By Dr. Thomas Tully, Jr.Louisiana State University School of Veterinary Medicine
Baton Rouge, LA 70803
From the Z.A.P. Action Group Quarterly newsletter
|One of the most common bacterial infections in companion avian species
is Chlamydia psittaci or psittacosis. This obligate intracellular
parasite is found in all regions of the United States and is very
contagious between psittacine (parrot) species. The fact that this
organism lives within (italics ours) a cell, instead of on the outside
of the cell, makes it difficult to diagnose and treat by veterinarians
and aviculturists. Another major problem with Chlamydia psittaci or
psittacosis involves the zoonotic potential of the organism. A zoonotic
disease is an infection that can be transmitted from animals to humans.
In birds, psittacosis may present as an upper respiratory infection with
nasal and ocular discharge, diarrhea or as a combination of both. In
some cases, birds may be infected but show no signs. These cases are of
concern because the animals are carriers and shed the organism.
Psittacosis in humans can result in mild to severe disease. In severe
cases, humans that are infected often have severe fever with night
sweats leading to pneumonia. It is very important that pet bird owners
become aware of this disease in order to prevent outbreaks from
occurring in their aviary or to protect their pet bird and families.
Chlamydia psittaci can enter the bird through the respiratory system or
the oral cavity. This usually occurs through infected fecal material
that has become airborne, on aerosolized nasal discharge or from the
clothes of a bird owner that has been exposed. It is very important that
pet bird owners have a post purchase exam performed on all new birds
before they are quarantined or if quarantined birds become ill.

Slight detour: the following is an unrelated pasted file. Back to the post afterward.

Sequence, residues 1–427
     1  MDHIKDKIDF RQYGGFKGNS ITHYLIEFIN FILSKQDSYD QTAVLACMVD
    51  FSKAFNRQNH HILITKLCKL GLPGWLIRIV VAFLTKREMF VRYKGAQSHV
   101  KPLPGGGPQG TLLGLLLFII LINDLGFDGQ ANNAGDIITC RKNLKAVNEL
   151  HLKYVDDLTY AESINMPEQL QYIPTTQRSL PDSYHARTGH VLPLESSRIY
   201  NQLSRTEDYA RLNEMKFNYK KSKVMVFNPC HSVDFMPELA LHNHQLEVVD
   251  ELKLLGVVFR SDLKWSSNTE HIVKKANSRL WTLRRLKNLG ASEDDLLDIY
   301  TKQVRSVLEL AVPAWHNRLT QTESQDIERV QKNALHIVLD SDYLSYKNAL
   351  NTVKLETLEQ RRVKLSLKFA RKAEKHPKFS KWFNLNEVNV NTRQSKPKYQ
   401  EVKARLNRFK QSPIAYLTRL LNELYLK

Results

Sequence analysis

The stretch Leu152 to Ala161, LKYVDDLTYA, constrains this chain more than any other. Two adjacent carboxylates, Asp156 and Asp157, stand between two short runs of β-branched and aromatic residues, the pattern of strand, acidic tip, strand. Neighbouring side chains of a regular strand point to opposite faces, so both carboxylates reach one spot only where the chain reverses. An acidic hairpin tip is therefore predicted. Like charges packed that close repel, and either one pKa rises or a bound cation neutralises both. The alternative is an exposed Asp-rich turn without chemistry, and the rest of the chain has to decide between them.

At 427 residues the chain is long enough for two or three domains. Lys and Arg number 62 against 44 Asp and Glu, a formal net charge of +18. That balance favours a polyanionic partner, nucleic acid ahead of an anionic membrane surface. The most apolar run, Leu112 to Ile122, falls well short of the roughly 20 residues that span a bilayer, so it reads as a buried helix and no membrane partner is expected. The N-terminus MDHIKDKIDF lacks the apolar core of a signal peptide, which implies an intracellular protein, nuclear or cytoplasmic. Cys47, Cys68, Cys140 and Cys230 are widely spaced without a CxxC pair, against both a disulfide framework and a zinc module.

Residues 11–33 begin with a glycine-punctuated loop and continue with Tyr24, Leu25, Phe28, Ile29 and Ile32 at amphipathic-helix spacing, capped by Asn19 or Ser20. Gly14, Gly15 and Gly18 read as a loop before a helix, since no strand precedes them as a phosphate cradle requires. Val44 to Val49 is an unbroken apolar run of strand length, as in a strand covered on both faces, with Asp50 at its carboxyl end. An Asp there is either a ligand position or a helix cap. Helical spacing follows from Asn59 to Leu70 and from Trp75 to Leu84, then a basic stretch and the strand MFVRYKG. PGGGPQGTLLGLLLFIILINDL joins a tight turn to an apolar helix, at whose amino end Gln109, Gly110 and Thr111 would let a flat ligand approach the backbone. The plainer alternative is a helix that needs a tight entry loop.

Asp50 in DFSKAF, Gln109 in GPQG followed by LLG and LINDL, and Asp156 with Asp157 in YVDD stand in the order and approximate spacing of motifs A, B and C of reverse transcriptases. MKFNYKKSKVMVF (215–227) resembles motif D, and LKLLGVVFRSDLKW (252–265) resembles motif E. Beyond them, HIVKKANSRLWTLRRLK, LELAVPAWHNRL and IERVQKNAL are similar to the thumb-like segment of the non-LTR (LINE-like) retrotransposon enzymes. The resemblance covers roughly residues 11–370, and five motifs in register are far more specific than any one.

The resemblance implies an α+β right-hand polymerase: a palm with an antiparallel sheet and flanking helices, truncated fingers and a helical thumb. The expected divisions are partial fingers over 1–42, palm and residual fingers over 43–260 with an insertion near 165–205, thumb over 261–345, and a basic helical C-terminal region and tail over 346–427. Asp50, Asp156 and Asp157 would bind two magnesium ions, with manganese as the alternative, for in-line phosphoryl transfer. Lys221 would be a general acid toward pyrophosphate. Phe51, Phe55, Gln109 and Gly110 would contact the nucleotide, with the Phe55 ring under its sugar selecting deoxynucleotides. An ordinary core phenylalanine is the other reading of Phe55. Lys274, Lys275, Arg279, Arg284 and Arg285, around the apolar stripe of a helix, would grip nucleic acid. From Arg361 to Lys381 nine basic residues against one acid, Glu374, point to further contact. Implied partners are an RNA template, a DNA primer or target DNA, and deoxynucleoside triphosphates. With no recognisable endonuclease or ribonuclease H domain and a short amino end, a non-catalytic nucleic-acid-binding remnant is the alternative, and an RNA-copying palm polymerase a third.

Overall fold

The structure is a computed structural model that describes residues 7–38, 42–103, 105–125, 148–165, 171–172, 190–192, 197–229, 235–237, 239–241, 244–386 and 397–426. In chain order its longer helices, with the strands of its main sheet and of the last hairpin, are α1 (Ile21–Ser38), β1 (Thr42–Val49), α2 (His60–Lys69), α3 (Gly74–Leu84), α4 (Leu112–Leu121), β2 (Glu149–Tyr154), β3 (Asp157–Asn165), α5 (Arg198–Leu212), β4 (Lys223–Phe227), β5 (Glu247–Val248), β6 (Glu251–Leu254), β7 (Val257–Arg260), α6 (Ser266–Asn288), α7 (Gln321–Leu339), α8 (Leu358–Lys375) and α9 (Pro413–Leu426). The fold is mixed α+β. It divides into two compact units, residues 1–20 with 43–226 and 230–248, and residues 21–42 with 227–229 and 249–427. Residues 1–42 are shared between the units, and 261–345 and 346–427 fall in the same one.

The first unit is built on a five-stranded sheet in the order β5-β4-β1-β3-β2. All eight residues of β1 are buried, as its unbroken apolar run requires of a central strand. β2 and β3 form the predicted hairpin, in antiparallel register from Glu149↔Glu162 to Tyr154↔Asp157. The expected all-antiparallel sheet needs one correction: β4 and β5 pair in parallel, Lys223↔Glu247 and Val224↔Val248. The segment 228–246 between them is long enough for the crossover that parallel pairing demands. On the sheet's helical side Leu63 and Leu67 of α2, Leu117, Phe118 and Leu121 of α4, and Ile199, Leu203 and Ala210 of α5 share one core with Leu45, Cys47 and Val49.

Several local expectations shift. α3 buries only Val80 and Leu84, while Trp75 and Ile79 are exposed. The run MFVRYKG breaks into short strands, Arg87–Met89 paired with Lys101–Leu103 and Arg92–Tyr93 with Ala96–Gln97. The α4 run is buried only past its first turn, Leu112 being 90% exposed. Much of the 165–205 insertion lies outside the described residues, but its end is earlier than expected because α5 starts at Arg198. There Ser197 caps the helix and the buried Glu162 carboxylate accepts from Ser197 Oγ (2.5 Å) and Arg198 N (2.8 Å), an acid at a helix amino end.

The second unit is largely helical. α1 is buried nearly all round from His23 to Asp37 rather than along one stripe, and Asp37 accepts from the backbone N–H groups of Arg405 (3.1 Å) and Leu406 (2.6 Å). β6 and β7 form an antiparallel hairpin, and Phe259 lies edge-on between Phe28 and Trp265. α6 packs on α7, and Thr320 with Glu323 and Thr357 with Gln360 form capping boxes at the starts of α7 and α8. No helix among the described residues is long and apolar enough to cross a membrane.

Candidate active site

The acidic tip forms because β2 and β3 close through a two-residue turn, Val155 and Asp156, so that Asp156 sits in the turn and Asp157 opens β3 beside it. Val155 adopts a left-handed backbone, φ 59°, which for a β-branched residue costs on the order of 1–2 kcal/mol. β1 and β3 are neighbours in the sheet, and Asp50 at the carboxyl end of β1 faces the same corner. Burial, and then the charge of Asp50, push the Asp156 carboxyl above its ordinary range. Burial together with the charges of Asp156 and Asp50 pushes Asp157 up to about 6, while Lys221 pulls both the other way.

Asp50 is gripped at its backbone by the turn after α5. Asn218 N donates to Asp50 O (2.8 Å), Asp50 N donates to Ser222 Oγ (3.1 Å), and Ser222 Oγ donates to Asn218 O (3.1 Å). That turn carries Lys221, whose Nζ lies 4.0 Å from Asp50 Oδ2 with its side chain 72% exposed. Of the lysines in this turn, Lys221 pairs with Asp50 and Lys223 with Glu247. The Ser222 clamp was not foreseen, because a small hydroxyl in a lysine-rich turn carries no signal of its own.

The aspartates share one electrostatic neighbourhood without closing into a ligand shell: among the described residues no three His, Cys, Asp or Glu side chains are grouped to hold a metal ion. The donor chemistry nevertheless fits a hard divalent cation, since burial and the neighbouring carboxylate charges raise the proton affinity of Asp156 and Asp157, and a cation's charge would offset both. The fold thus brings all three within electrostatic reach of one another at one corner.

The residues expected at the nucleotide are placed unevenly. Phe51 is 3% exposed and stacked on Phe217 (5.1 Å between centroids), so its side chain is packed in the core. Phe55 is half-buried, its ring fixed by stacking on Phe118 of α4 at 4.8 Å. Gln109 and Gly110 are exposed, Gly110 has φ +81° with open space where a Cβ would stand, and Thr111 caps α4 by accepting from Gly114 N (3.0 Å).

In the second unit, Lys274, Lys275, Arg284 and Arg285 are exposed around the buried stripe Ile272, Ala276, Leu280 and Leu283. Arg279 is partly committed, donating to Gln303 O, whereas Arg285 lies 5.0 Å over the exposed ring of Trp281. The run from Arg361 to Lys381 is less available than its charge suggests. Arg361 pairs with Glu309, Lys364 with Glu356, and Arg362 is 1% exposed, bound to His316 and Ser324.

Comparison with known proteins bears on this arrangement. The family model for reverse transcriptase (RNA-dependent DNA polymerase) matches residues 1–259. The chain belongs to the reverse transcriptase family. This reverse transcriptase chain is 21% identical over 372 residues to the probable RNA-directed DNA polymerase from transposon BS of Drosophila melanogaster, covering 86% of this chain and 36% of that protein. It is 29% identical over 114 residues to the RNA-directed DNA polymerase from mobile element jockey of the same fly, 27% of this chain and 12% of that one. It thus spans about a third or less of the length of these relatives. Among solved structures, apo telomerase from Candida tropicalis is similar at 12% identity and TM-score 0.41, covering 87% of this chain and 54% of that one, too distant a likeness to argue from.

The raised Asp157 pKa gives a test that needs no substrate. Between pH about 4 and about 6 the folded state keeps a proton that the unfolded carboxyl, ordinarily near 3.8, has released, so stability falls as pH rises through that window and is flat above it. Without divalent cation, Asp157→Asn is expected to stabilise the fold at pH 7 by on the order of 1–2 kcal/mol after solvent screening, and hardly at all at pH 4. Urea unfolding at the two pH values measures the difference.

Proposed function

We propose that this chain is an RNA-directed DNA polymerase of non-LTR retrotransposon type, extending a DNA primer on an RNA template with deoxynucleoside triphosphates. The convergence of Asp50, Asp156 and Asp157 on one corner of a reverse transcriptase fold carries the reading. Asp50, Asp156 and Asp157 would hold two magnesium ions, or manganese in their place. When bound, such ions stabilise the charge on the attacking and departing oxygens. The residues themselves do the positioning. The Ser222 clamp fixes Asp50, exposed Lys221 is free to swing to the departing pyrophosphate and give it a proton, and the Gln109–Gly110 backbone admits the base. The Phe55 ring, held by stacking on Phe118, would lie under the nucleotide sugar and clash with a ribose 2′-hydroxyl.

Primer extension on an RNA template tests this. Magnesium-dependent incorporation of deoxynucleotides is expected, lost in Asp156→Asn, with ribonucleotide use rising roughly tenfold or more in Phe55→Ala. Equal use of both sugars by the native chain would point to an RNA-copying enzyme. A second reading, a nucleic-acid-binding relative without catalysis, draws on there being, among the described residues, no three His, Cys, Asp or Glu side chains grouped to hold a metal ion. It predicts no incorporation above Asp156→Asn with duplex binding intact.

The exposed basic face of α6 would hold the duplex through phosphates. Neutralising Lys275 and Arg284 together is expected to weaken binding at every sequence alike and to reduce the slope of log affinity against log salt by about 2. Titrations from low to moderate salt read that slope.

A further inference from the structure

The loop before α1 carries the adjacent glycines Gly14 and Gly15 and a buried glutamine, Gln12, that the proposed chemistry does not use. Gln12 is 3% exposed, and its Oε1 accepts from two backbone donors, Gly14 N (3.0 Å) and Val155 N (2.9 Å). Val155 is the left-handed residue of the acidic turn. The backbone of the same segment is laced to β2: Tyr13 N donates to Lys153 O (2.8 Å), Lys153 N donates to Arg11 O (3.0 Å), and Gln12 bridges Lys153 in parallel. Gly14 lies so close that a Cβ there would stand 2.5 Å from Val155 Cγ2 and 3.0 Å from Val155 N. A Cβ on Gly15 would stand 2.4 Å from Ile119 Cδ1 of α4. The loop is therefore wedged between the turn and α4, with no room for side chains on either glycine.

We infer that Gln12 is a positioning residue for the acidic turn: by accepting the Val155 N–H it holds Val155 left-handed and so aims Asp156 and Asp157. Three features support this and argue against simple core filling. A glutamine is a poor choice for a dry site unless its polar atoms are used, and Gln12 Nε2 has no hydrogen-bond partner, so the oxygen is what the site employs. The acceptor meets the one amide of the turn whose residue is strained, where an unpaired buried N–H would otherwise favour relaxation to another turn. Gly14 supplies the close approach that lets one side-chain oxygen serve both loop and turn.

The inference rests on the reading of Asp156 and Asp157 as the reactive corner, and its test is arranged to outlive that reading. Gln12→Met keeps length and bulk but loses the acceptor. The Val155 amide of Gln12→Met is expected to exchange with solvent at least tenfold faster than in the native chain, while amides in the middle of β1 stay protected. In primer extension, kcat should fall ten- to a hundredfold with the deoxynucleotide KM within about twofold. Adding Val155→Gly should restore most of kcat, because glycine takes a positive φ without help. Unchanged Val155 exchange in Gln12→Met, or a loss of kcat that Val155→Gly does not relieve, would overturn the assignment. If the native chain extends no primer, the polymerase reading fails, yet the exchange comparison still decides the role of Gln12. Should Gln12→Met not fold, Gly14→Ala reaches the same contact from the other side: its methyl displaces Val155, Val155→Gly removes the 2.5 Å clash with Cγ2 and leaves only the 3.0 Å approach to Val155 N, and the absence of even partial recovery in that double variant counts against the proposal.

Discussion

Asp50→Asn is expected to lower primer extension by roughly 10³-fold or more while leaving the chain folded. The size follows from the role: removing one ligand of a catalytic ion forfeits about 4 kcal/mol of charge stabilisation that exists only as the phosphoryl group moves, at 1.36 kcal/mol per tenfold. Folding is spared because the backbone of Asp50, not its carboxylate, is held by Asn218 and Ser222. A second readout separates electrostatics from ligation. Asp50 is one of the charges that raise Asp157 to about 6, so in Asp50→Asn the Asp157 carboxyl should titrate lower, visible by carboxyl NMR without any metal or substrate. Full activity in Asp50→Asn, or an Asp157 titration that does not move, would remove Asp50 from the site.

Quarantine procedures should be in placed at all aviaries/households to
prevent introducing infectious agents into a resident population.
Quarantined birds should be maintained in a room or building with a
separate airflow-ventilation system than the resident population.
Quarantine should be for at least 30 days with no medication given
unless prescribed for a specific illness by an avian veterinarian. This
allows quarantined bird(s) to "break" with an illness they may
be carrying, instead of the disease becoming evident when the bird is
released. There is not an adequate diagnostic test available at this
time to diagnose Chlamydia psittaci in a carrier bird. The three day new
bird guarantee, based on a veterinary exam, is useless when screening
for C. psittaci. A bird that is carrying the organism with no obvious
signs of infection may break one month, one year or eight years later
with no other exposure. All dead birds should be necropsied by an avian
veterinarian to determine the cause of death. Necropsies are helpful to
the aviculturist because they identify problems or potential problems in
an aviary before they occur. If a problem already exists, then treatment
and preventive measures may be taken before any more losses occur.
Because of the zoonotic nature of psittacosis, owners should protect
themselves if they have birds that have been diagnosed, through proper
cleaning and management and wearing a face mask. Any bird owner with
high fever and pneumonia like symptoms should inform their physician
that they own birds. Physicians commonly do not associate Chlamydia
psittaci with pneumonia, therefore you may aid in making the right